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Well Done, Rallye Le Haut, by René Princeteau, ca. 1890

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oil on cloth, 160 x 130 cm, private collection

This hunting scene shows how two horses and their riders overcome a ditch in which they have landed and have to climb out of the water. A situation which belongs to the practice of hunting after hounds. These riders carry a hunting horn and direct their horses with only one hand. This is a French hunting scene, which is less well known than British sporting art. Hunting after hounds, however, has in France a similar tradition as in Britain, lasting until the present time. The artist René Princeteau (1843-1914) may be less well known than his British contempories like Joseph Crawhall, Lynwood Palmer or Alfred Munnings, but the way he rendered horses in the hunting field and in other activities was not less captivating. He participated in hunts out of Chantilly, on the invitation of the Duc d’Aumale, and used his own experiences in his paintings. Moreover his style was very original. He was the teacher of an artist, who became world-famous, Henri de Toulouse-Lautrec (1864-1901). In the horses of Toulouse-Lautrec one immediately recognizes the style of Princeteau, but very few paintings by Princeteau can be found in museums. The Musée des Beaux-Arts in Libourne (Gironde, France), however, is completely devoted to his work.

 

 

Wojciech Kossak, The charge at Rokitna on June 13, 1915

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1934, oil on canvas, ca. 40×60 cm, Muzeum Narodowe, Cracow

This spectacular painting commemorates the historical charge of the 2nd Brigade of the Polish Legions in the Austrian-Hungarian army against the Russian infantry. This battle took place near the the village of Rokitna on the eastern slopes of the Carpathians. In 1915 this area belonged to Austrian-Hungarian province of Bukovina, now this province belongs to Ukraine. The Polish won this battle in the First World War, but lost their commander and many other men. 19 years later Wojciech Kossak painted this scene on the basis of witness accounts. It is disconcerting to see the successful jump of a horse in the setting of a life-threatening battle of horses and sabres against rifles. We are so familiar with the show jumping sport that we can hardly realize that this ability of the horse was ever used for a completely different purpose. Wojciech Kossak pictured in 1934 what we, in our time, have learned through the movie “War Horse” by Steven Spielberg made in 2011, based on the novel by Michael Morpurgo from 1982.

Horse market in Mongolia by Willem Dooijewaard, 1926

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Dooijewaard1926

Pastel and charcoal on vellum, ca, 35×60 cm, signed and dated lower right, Singer Museum, Laren

This work gives us a detailed picture of Mongolian riders and their horses at a time when the horse (and the camel) was their only means of transport. Dooijewaard travelled all over Asia and left us with important documentation next to artistic value. Here we see the small and unelegant horses which excelled in stamina and endurance. We also see camels. To cross large deserts the camel was more suitable, but for all other purposes the horse was indispensable, especially when speed was important. It is not a coincidence that the Mongolian Derby still is a world-renownded event (which was completed by two Dutch amazons in recent years). In Mongolia also lived the wild Przewalski horse until about 1968, but the domestic Mongolian horse has a different exterior. The degree of relationship is still unclear. This work can now be viewed in the exhibit ‘Wanderlust’ in De Hallen in Haarlem, The Netherlands, until September 11, 2016.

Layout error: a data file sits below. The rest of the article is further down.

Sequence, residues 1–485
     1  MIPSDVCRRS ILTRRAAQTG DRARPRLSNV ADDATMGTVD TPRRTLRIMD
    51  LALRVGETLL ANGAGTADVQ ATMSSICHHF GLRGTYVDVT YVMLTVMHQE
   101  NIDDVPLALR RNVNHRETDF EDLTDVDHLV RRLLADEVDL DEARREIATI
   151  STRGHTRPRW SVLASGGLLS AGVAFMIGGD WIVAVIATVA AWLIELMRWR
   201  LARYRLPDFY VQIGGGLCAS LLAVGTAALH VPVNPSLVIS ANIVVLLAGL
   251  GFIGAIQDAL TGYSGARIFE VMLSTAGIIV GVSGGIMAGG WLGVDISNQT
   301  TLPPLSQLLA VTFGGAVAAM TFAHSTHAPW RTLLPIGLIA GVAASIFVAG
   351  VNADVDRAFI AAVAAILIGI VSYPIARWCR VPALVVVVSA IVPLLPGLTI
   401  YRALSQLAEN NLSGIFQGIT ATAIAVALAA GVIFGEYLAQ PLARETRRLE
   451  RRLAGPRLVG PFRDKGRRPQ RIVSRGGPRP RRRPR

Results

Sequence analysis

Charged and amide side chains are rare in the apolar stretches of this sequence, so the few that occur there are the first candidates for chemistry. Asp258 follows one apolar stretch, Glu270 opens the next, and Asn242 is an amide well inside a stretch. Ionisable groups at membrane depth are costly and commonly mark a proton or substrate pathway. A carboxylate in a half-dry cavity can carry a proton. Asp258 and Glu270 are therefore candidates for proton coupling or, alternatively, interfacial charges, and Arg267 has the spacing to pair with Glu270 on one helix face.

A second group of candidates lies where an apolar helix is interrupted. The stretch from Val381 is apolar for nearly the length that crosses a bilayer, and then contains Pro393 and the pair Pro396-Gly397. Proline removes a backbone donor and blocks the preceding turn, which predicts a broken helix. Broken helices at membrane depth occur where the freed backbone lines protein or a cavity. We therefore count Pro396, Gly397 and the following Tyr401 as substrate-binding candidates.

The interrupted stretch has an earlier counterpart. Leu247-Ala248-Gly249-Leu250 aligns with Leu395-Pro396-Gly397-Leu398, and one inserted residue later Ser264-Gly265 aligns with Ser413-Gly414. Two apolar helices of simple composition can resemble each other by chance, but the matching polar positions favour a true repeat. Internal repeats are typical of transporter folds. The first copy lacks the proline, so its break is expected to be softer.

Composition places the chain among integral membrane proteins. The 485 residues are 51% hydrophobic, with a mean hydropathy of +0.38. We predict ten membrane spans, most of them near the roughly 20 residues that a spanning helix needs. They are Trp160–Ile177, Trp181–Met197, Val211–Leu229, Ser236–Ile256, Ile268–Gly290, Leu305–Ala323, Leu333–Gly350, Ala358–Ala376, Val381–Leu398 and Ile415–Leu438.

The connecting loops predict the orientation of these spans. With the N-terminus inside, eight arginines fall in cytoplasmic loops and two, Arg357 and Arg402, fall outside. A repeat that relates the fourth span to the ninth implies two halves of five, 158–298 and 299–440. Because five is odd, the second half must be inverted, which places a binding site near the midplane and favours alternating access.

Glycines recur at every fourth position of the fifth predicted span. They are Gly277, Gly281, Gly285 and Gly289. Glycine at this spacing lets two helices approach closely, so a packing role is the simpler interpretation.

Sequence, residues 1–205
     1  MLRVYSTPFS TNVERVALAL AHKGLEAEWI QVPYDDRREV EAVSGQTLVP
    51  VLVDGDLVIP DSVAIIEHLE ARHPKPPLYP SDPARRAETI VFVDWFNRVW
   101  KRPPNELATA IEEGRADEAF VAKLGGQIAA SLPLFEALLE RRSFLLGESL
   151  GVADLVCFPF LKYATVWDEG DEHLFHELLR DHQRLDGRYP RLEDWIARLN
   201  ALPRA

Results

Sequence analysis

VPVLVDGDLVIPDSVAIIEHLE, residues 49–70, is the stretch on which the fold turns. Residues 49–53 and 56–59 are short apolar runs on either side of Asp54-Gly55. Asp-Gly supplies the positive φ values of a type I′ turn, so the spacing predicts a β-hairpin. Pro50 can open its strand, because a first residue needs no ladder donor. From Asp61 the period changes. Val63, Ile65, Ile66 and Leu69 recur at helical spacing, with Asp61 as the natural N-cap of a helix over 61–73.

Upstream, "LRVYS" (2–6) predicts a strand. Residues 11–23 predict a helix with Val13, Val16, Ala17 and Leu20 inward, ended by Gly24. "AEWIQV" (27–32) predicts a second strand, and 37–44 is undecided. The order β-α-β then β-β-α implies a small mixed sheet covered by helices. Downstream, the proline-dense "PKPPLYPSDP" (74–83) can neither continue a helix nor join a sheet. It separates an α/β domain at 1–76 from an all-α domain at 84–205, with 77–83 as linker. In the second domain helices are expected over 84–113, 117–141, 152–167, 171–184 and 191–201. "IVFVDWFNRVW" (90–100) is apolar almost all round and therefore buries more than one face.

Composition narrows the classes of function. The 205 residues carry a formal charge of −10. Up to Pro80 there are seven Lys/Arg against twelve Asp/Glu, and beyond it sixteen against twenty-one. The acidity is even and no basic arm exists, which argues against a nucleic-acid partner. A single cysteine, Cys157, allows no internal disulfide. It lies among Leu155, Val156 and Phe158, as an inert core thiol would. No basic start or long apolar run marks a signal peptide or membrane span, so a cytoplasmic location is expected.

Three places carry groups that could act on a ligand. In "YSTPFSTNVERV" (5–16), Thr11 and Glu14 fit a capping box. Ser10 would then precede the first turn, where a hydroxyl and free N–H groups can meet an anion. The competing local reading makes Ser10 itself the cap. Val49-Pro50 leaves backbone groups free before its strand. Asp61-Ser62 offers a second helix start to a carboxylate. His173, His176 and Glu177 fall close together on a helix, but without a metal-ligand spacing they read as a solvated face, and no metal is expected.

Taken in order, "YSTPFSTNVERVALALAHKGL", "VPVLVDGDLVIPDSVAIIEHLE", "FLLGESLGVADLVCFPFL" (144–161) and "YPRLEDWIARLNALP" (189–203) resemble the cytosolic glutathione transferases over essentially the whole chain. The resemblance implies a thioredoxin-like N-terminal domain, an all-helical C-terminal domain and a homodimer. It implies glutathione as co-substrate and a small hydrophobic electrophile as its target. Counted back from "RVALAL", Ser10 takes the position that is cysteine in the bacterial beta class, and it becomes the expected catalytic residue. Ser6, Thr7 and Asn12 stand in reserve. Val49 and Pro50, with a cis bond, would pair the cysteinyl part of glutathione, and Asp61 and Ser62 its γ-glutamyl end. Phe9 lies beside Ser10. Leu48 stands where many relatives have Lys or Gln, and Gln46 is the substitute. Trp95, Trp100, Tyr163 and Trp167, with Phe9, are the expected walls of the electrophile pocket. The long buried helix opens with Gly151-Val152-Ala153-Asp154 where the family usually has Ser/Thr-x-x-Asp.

Prince Siddartha leaves the royal palace on his horse Kanthaka

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Detail of a page from a folding album, Burma (Myanmar), early 19th century, 48 x 19 cm, British Library, London

Prior to his renunciation of the world, Gautama Buddha was the Indian Prince Siddartha. He rode the grey horse Kanthaka in all his exploits and defeated many opponents thanks to the qualities of this animal. The close relationship of Siddartha with his horse and with his groom Channa is emphasized in all Buddhist texts. Here we see Siddartha secretly leaving the palace on his horse while the horse’s hooves are supported by the gods, so as to prevent the guards from hearing the hoof beats. This is the beginning of Siddartha’s road to ascetism. Later Siddartha will dismount and send his groom and horse back to the palace. The important role of Kanthaka and the groom Channa is illustrated in all representations of Buddha’s life. It is an example of the special relationship between man and horse resulting from their achievements together. In Buddha’s life the end of this close relationship is the convincing symbol of Siddartha’s renunciation of the world. Horse and groom reluctantly accept the ending of the relationship and Kanthaka is said to have kneeled down to lick his rider’s feet as a farewell gesture. This scene is also often illustrated in Buddhist art. (Information from Dr. W.R. van Gulik is gratefully acknowledged. See also Museum Volkenkunde in Leiden, The Netherlands, where a large exhibition is devoted to The Buddha, until 14th August 2016).

 

 

Catharina II of Russia and her stallion Brillante, by Vigilius Eriksen, 1782

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Eriksen

oil painting on cloth, 97×88,5 cm, National Gallery of Denmark, Copenhagen, KMS3633